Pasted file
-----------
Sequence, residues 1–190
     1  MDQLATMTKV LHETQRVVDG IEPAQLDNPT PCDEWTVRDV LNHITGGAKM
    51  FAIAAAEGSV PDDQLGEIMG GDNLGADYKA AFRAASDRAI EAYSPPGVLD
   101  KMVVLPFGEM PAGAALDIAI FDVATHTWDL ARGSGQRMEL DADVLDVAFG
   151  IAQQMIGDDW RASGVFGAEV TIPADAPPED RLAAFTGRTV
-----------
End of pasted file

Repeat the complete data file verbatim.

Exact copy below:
Sequence, residues 1–190
     1  MDQLATMTKV LHETQRVVDG IEPAQLDNPT PCDEWTVRDV LNHITGGAKM
    51  FAIAAAEGSV PDDQLGEIMG GDNLGADYKA AFRAASDRAI EAYSPPGVLD
   101  KMVVLPFGEM PAGAALDIAI FDVATHTWDL ARGSGQRMEL DADVLDVAFG
   151  IAQQMIGDDW RASGVFGAEV TIPADAPPED RLAAFTGRTV